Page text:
And this will be validated once the Serbian study (Roman Frontier) is published (it does seem to be held back because of the valuable data it contains). There is a lot of Thracian(green) and Dardanii(blue) profiles in their PCA plot, and in betweens.





    The Bosnian poster that has gone MIA wrote in Anthrogenica that the R-CTS1450 (in the Balkan IA cluster) in this study is the one that protrudes toward among Balkan Slavs (outlier east of the Albanian cluster) and is almost central European in profile, he thinks there might be a Scythian mixture causing it. I think there is a good chance he is a pure distilled Dardanii profile, sure there might some foreign admixture, but he is clearly on the Dardani/Yamnaya cline.

    The other samples are all E-V13, I am guessing the 3 J2bs are the ones near the Croatian Illyrian cluster. And it is clear, a lot of E-V13 in eastern Serbia had a partial Dardanii profile, as we see with the Hun I18832(E-V13) individual who is a almost half south Thracian, half Dardanii (Yamnaya derived).

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    Brnjica did assimilate some Belegis II-Gva elements possibly, unless the Paeonian clans annihilated those Channelled Ware groups when regaining predomiance in their sphere. That's the same like it is with Greeks, that we don't know how much of the Channelled Ware groups were assimilated vs. pushed back/annihilated after initial pushes into regions they couldn't fully hold on the longer term.

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    Quote Originally Posted by PaleoRevenge View Post
    I meant the link between the original Dardanii (non-Thracian, non-Illyrian) and the Paeoni, the spill over of Brnjica south of into MKD and Bulgaria matches Paeoni tribal distribution. And yes you are right about the Yamnaya, what I am calling Dardani cluster in G25, is Yamnaya derived IE group. Even the individuals that I labeled as west Dardanii (Illyrian mixed), show partial Yamnaya ancestry. And among Albanians, the regions where R1b is the leading haplogroup, Yamnaya ancestry wins. Thracians and Illyrians are Corded derived, so are the Slavs, so for this to occur with Albanian averages points to the Yamnaya derived group playing a big role in the formation of modern Albanians.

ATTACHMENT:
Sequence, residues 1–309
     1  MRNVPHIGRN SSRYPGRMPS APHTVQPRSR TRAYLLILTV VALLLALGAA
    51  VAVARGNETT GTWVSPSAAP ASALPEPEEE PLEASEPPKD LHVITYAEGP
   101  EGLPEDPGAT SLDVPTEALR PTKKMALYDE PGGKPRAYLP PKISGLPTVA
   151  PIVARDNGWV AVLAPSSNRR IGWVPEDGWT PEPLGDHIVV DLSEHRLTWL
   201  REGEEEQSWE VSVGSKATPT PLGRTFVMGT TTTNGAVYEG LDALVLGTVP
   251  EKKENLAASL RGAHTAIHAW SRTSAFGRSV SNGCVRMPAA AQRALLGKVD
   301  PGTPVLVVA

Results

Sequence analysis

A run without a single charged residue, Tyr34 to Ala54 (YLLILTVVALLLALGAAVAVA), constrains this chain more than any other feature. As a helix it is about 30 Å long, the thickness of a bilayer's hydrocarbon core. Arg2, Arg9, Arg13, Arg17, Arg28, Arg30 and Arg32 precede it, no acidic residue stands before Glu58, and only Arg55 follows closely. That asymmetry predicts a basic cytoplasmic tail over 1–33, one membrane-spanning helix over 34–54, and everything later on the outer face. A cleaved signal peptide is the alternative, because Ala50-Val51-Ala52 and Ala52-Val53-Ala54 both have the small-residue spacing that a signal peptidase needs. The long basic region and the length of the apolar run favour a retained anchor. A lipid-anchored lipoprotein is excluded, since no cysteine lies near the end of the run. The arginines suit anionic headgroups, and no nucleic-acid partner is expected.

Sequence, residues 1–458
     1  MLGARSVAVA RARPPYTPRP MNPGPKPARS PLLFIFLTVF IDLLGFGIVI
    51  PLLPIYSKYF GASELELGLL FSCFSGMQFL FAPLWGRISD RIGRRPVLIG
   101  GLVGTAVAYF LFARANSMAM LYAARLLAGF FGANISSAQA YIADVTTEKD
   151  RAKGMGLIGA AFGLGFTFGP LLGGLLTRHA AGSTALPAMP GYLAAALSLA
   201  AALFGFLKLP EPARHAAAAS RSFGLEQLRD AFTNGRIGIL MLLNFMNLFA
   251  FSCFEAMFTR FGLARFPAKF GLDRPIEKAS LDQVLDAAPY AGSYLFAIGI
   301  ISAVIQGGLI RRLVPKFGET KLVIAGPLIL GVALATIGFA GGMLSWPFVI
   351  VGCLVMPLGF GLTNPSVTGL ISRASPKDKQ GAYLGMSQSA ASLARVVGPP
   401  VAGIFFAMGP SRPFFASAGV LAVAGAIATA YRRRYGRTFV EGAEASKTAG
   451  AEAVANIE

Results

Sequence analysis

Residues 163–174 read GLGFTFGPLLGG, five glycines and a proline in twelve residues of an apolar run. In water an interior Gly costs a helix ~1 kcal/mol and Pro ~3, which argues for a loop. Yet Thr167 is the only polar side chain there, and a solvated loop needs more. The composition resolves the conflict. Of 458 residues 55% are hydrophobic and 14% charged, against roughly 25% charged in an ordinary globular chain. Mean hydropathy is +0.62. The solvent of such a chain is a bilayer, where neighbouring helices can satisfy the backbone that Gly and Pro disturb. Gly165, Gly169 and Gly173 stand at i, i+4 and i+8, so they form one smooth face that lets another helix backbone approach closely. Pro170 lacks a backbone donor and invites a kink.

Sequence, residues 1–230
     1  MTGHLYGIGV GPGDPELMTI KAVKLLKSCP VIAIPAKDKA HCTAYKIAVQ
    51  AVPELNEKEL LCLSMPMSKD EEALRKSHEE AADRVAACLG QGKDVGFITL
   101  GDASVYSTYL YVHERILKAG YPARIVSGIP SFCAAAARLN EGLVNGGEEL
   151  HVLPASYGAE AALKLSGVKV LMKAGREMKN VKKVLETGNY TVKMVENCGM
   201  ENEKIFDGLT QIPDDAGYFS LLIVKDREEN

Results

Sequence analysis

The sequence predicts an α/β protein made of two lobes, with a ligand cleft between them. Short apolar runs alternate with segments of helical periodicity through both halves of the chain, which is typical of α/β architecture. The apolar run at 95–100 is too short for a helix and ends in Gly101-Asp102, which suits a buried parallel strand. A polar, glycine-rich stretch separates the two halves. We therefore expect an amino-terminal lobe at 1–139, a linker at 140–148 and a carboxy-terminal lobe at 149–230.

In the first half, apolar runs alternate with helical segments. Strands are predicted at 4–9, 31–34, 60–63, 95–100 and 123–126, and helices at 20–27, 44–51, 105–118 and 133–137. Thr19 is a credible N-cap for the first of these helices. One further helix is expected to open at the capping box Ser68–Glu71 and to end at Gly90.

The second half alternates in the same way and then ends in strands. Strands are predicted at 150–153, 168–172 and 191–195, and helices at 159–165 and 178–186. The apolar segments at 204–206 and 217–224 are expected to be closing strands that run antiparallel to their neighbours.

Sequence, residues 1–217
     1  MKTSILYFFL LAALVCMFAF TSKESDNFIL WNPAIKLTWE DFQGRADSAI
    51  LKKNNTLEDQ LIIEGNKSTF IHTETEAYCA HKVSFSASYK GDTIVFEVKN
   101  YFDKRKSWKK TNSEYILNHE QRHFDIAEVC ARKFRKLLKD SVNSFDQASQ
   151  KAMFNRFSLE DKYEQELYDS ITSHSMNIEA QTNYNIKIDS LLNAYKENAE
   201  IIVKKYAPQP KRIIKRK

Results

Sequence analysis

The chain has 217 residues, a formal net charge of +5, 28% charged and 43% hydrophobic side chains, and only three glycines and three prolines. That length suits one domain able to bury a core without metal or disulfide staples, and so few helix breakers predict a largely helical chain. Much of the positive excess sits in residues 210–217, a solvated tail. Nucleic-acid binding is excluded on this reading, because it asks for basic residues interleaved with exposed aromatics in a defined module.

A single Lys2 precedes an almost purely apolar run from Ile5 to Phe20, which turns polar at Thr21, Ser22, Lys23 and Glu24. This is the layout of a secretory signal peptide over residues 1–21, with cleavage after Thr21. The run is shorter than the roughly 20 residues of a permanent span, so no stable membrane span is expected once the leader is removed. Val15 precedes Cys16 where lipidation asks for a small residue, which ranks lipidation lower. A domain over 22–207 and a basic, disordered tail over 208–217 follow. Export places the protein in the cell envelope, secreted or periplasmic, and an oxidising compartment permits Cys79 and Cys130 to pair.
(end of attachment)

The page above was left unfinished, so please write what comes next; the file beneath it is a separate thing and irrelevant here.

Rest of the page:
And this will be validated once the Serbian study (Roman Frontier) is published (it does seem to be held back because of the valuable data it contains). There is a lot of Thracian(green) and Dardanii(blue) profiles in their PCA plot, and in betweens.
    I see. Well, not exactly sure with Kannellure in Dardania or just generally early Thracian presence in comparison to Bërnica culture in order to conclude wether the former or latter form the original Dardanian substratum. Dardania just generally seems to have gotten more from the Thracian sphere in comparison to Paeonia and that is what I meant to say. Mainly in regards to what can be expected from hopefully future studies from Kosovo and beyond.
    The Bosnian poster that has gone MIA wrote in Anthrogenica that the R-CTS1450 (in the Balkan IA cluster) in this study is the one that protrudes toward among Balkan Slavs (outlier east of the Albanian cluster) and is almost central European in profile, he thinks there might be a Scythian mixture causing it. I think there is a good chance he is a pure distilled Dardanii profile, sure there might some foreign admixture, but he is clearly on the Dardani/Yamnaya cline.
    We also had an E1b-V13 in Naissus with a Central European profile (think it was Naissus in the STP structure paper, gosh that name just got to be a poor attempt at sarcasm), so just because it is a pre-Slavic Paleo-Balkan lineage doesn't mean it automatically needs to be the same for the auDNA. That of course does not change the ultimate origin of the parental lineage of the ancient individual tested.